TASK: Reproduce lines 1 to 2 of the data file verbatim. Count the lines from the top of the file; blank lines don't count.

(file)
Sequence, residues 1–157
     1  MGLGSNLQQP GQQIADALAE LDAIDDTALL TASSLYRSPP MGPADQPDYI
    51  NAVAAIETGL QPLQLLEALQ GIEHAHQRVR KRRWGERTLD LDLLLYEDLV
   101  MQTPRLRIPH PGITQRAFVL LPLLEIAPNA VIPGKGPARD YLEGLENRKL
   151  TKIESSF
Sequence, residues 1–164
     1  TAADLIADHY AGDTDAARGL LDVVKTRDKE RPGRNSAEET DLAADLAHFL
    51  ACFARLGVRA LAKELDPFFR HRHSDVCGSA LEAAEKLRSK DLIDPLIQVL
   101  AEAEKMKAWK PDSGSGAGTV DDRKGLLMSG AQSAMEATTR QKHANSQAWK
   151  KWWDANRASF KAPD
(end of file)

Sequence, residues 1–157
     1  MGLGSNLQQP GQQIADALAE LDAIDDTALL TASSLYRSPP MGPADQPDYI